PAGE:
Parents have an obligation to contribute to their child’s support and upbringing. Nevada law sets out very specific guidelines regarding child support payments based on factors including, but not limited to, number of children, disposable income of each parent, and parenting time. If you are the non-custodial parent paying child support, don’t wait until the court holds you in contempt for failing to abide by the terms of your divorce settlement or court order. This is a time to be proactive. Reno child support lawyer Gloria Petroni helps clients throughout Nevada establish workable child support arrangements. Her firm also offers experienced legal counsel in modification and enforcement of standing orders of support. Contact us today at 775-420-4221 for a consultation.
Nevada Child Support Calculation
Child support in Nevada is governed by NRS 125B. Basically, the court must first determine the parties’ gross monthly income (pre-tax) and then set child support accordingly based on either a joint physical custody scenario or a primary physical custody scenario. If one parent has primary physical custody, the mathematical formula is based on the paying parent’s gross income. If the parents share joint physical custody, the formula is based upon the difference between the two child support percentages, and then the cap is applied. Joint physical custody requires the parent with less time to have at least 40% of the time or it will not be deemed joint custody. There are cases construing how the 40% is calculated. NRS 125B states:
“Gross monthly income” means the total amount of income received each month from any source of a person who is not self-employed or the gross income from any source of a self-employed person, after deduction of all legitimate business expenses, but without deduction for personal income taxes, contributions for retirement benefits, contributions to a pension or for any other personal expenses.
“Obligation for support” means the sum certain dollar amount determined according to the following schedule:
- For one child, 18 percent;
- For two children, 25 percent;
- For three children, 29 percent;
- For four children, 31 percent; and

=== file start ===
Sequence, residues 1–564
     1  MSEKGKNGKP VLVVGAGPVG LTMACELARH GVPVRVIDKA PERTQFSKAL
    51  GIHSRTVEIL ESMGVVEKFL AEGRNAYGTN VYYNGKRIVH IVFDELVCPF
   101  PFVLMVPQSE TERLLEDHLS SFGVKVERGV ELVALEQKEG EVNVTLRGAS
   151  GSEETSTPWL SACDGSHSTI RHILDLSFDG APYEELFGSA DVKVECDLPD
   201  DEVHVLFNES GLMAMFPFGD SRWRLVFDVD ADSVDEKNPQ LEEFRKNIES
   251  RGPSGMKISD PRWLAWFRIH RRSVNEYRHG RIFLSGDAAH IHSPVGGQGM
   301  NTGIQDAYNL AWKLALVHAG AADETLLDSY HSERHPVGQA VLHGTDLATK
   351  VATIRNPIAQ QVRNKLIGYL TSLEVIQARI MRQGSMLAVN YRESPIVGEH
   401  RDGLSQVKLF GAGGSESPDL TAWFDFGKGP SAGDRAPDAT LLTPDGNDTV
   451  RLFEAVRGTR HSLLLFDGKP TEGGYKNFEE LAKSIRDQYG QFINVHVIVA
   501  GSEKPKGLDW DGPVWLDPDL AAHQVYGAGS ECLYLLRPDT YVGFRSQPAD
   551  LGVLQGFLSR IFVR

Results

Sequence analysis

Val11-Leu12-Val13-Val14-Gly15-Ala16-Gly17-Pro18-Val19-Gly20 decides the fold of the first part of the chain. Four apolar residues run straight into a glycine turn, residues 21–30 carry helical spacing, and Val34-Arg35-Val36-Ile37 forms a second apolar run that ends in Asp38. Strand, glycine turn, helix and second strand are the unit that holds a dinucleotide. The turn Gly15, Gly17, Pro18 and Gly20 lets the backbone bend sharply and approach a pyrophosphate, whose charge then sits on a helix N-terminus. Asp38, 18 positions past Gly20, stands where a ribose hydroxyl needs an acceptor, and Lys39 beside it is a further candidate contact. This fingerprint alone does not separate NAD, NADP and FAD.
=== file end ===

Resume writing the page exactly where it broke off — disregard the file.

- For each additional child, an additional 2 percent, of a parent’s gross monthly income. Nevada has caps for child support based upon the payor’s income.
This final calculation determines how much a non-custodial parent will be required to pay the custodial parent in child support. Calculating child support payments is difficult without a skilled and experienced Reno child support lawyer. Family Law Attorney Gloria Petroni will explain the child support guidelines, and how the process of paying and receiving child support works in Nevada. There are also factors which also allow for deviation up or down from the formula such as the cost of health insurance, day care expenses, tutoring child support payments for other children, special medical needs and extra curricular activity costs.
Failure to pay child support can impact your credit history, result in garnishment of wages, loss of your driver’s license and/or passport, and possibly even jail time. In extreme cases, the state may act to seize certain assets or property. Individuals who fail to pay child support run the risk of encountering legal and financial difficulty later.
In Reno, child support cases are handled by the Child Support Enforcement Program (CSE) through the Division of Welfare and Supportive Services. If you are eligible, you may be able to receive services which help you establish the paternity of your children. Establishing paternity is important. It can help a child from knowing the identity of his or her biological father. This can benefit a child for many reasons such as:
- Parent-child relationship
- Sense of identity
- Veterans, social security, inheritance, insurance benefits
- Medical history
- Financial support
Parents confronted with divorce need a knowledgeable Reno child support lawyer to help them navigate complex Nevada child support laws, and ensure support arrangements are fair based on income and need. Please contact attorney Gloria Petroni today at to discuss your child support questions. Attorney Petroni will help you understand the legal issues involved in your case.